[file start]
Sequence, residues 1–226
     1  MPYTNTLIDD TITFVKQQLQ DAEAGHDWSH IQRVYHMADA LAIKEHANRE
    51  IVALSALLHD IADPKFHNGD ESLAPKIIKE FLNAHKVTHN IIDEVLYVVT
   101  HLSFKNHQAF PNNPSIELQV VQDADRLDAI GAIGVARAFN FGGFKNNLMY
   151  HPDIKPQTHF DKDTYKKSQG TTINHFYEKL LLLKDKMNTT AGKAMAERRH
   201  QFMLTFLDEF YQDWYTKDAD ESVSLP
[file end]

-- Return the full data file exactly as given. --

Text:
Sequence, residues 1–226
     1  MPYTNTLIDD TITFVKQQLQ DAEAGHDWSH IQRVYHMADA LAIKEHANRE
    51  IVALSALLHD IADPKFHNGD ESLAPKIIKE FLNAHKVTHN IIDEVLYVVT
   101  HLSFKNHQAF PNNPSIELQV VQDADRLDAI GAIGVARAFN FGGFKNNLMY
   151  HPDIKPQTHF DKDTYKKSQG TTINHFYEKL LLLKDKMNTT AGKAMAERRH
   201  QFMLTFLDEF YQDWYTKDAD ESVSLP